The company, however, has always been reticent when it came to sharing the details of its architecture a not-unreasonable precaution given that its entire business rest on these resources. According to Vahdat, Google began pioneering the use of software-defined networking, which decouples the control plane (which makes decisions about where traffic is sent) ten years ago. The company uses arrays of small, cheap switches to provide some of the same capabilities as much more expensive hardware, then manages workload distribution in software.
Right now, Google’s planetary network relies on a platform, codenamed Jupiter, that can provide more than 1Pb/s of bisection bandwidth. That’s an important distinction, as the term refers to the bandwidth between two equal parts, not the bandwidth capability of every part. As Google notes, that’s sufficient for 100,000 servers to exchange data at 10Gb/s each, or to read the scanned contents of the library of Congress in about 1/10 of a second.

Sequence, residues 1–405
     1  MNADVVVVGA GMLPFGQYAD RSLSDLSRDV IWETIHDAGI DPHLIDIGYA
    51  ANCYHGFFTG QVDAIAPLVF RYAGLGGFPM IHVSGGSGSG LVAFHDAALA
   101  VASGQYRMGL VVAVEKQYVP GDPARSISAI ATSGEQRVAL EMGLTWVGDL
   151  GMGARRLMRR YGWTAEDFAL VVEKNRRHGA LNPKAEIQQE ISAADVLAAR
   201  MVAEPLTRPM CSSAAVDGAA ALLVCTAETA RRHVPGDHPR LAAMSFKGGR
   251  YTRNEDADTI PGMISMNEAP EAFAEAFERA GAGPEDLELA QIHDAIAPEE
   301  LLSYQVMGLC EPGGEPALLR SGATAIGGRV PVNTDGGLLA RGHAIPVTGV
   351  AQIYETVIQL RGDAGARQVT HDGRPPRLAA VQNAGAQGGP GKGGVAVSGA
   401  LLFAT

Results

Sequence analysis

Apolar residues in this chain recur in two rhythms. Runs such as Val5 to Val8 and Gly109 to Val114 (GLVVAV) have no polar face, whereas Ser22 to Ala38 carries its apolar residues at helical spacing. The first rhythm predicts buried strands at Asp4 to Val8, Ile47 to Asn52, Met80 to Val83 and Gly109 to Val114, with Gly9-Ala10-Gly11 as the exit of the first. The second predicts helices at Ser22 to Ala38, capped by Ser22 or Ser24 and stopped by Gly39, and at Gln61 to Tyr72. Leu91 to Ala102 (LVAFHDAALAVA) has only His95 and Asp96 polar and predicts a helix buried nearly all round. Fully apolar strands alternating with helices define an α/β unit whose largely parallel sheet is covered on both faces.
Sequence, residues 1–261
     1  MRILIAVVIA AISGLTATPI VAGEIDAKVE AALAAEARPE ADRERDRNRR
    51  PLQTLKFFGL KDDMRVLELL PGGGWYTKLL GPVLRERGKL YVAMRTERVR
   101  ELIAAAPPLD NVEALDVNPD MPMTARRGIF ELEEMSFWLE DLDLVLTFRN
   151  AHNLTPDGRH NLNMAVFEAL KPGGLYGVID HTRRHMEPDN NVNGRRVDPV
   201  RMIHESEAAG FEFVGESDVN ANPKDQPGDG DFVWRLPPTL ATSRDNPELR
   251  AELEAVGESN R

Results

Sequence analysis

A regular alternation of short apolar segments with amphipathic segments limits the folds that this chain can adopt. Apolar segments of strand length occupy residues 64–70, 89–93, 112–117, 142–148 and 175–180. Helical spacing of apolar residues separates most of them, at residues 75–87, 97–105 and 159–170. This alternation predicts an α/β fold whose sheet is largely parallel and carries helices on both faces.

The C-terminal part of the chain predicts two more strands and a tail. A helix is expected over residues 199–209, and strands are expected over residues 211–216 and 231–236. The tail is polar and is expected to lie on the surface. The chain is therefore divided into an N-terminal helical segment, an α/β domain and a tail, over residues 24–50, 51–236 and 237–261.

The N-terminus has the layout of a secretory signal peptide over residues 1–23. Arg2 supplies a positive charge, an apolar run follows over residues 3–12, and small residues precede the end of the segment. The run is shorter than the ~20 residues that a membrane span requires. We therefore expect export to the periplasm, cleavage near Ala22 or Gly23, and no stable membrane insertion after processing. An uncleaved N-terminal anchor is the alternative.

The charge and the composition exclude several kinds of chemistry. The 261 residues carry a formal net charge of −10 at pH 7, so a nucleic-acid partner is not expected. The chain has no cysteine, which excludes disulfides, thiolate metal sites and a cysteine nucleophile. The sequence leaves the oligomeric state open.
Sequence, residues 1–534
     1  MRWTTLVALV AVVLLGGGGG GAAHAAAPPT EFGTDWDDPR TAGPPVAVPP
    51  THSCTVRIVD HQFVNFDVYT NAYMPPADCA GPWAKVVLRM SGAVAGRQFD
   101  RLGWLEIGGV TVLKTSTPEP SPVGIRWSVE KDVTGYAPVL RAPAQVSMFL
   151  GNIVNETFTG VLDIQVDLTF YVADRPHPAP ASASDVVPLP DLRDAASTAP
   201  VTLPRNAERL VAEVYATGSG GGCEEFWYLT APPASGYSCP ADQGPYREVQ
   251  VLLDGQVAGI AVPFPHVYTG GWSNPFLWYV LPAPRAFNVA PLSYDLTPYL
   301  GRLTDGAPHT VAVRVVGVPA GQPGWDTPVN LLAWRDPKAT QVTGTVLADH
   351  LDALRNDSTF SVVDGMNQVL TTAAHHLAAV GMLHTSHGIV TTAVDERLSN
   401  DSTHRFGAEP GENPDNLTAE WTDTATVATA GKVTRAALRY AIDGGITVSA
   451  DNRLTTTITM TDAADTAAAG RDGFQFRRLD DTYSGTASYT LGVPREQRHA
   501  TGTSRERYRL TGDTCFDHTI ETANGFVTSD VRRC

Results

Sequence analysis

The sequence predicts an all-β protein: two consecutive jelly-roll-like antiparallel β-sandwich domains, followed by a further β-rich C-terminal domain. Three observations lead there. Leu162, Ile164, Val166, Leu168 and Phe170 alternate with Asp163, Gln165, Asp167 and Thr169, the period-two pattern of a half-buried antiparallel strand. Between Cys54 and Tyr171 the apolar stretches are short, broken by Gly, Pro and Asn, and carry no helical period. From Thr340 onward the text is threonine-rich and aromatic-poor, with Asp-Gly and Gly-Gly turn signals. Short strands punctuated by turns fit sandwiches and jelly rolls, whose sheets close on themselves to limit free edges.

Many of the “open” shifts in datacenter management and provision have been described as cost-saving measures, often with baleful glances cast at the likes of Cisco or Intel. That’s undoubtedly part of the underlying trend, but Google, Apple, or Amazon can easily afford to pay top-tier pricing for premium hardware. Vahdat’s remarks reflect a different reality, one where software provisioning and flexible design were required to compensate for the difficulty of scaling conventional network infrastructure up to match the needs of data centers.
While they serve different purposes, much of the research into efficient datacenter communication, SDN, and faster, lower-power interconnects has ramifications for scientific computing and the HPC ecosystem. Moving bits for minimal power at maximum speed is as important to scientific clusters as it is to datacenters. Bringing down interconnect power is a high priority for DARPA, as well as firms like Intel and IBM.
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